For eight years, Joe Biden used the office of the vice president in a way none of his predecessors had -- to advance equality for the lesbian, gay, bisexual, transgender and queer community. He famously nudged President Obama to support marriage equality. He helped lead the effort to repeal "don't ask, don't tell." He met with transgender children and their parents and worked to protect LGBTQ students from bullying, harassment and discrimination in our schools.
As openly LGBTQ leaders in Senator Kamala Harris's home state of California, we know she will do the same. We've seen her do it firsthand for the last two decades.
In every public office she has held, Senator Harris has championed civil rights and social justice for the LGBTQ community. She has exemplified what it means to be an ally -- to not only support our community, but to listen to and learn from us. She has worked tirelessly to understand the challenges we face and how to use the levers of government to address disparities in our health and well-being.
As district attorney in San Francisco, Kamala convened her colleagues from counties across the United States to examine the so-called "gay and trans panic" defense, a horrific attempt at justification of a hate crime in which a perpetrator blames their action on the sexual orientation or gender identity of their victim. She was one of the first elected officials anywhere in the United States to officiate same-sex weddings, when the city unilaterally began allowing same-sex couples to marry in February 2004.
In 2014, as California's attorney general, Kamala worked with Equality California and the state legislature to ban the defense from California courts -- the first state in the nation to do so. She continued her pioneering support for marriage equality by refusing to defend Proposition 8, the state's constitutional ban on same-sex marriage -- a decision that ultimately led to the policy's defeat, when the U.S. Supreme Court ruled that only the state had standing to defend it.
In the U.S. Senate, she has introduced legislation to expand access to life-saving HIV prevention medications and to force the U.S. Census Bureau to allow people to identify themselves as LGBTQ in the decennial survey. She has championed the Equality Act and a federal ban of lynching and demanded answers from the Trump administration when a transgender asylum seeker living with HIV died in the custody of the Department of Homeland Security.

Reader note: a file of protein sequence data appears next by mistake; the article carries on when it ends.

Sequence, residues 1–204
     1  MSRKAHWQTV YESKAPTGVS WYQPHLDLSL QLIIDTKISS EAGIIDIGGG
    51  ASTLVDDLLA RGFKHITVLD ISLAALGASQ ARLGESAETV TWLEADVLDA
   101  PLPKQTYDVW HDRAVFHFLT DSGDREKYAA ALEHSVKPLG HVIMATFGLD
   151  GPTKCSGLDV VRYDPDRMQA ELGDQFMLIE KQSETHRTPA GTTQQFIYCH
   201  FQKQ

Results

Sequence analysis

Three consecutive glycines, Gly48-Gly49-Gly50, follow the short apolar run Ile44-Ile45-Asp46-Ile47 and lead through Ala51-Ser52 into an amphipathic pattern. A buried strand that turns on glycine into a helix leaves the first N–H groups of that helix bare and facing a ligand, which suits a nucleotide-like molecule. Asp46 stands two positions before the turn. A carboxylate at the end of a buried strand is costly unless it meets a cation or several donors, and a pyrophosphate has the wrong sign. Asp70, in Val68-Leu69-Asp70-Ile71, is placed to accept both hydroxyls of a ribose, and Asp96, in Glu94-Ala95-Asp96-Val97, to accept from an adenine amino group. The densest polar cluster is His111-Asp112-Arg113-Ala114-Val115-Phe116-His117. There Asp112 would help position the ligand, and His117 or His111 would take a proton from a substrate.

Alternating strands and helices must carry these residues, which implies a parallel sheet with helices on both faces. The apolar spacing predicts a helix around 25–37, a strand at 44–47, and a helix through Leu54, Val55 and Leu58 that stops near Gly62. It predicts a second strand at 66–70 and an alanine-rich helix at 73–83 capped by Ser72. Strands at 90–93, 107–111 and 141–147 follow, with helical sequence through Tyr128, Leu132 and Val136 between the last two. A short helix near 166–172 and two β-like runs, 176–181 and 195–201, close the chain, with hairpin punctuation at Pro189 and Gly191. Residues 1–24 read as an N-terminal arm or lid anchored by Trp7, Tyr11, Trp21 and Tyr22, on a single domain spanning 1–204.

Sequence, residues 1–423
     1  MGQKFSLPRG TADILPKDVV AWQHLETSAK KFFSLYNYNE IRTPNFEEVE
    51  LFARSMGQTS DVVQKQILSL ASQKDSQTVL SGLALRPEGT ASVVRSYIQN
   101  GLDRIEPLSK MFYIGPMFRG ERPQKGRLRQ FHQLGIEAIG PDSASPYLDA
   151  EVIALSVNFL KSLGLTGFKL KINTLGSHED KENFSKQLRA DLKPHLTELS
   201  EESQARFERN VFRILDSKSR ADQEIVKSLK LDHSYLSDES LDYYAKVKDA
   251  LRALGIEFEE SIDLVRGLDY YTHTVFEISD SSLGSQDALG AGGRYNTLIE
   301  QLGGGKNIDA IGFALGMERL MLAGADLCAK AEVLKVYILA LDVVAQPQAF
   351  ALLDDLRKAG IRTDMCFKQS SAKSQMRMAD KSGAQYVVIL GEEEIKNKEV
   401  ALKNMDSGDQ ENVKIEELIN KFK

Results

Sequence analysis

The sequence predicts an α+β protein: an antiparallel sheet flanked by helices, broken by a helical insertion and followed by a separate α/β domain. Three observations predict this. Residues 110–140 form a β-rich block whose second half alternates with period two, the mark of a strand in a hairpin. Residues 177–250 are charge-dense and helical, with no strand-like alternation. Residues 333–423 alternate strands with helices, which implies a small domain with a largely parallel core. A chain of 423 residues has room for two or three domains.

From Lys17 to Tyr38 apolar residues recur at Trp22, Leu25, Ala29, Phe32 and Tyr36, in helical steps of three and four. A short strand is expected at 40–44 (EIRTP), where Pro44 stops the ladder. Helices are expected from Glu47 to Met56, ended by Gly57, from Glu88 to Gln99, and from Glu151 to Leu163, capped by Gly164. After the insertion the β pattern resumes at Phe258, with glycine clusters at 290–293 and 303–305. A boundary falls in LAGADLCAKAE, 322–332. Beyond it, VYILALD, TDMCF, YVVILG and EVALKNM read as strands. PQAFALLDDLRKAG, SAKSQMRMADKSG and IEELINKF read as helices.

The fight for civil rights and social justice -- for the people -- is personal to her. As the daughter of immigrants from Jamaica and India, Kamala's unique experiences have informed her understanding of how government can harm or improve the lives of marginalized people. Growing up in California's Bay Area, Kamala watched as her parents faced discrimination because of their race and immigrant identities. She saw a generation of gay men confront a deadly epidemic and lose their lives because of government inaction.
The next four years will require more than a president and vice president who passively accept members of the LGBTQ community. Undoing the damage done to our community -- and the diverse communities to which we belong -- by Donald Trump and Mike Pence's administration will require champions for equality who aggressively pursue civil rights and social justice. Achieving full, lived equality for all LGBTQ people will take leaders with grit and tenacity and the audacity to imagine a world in which all people are safe, healthy and empowered.
Striving to create such a world has been the cause of Kamala Harris's life.
Senator Harris has demonstrated an unwavering commitment to civil rights and social justice for all LGBTQ+ people throughout her career. As district attorney, attorney general and now a United States senator, Kamala Harris has used the power of her office to fight for us. LGBTQ Californians know Kamala Harris, and we know she will continue that fight as our next vice president.
Robert Garcia is the mayor of Long Beach California and one of 17 keynote speakers for the 2020 Democratic National Convention. Rick Chavez Zbur is the executive director of Equality California, the nation's largest statewide LGBTQ+ civil rights organization.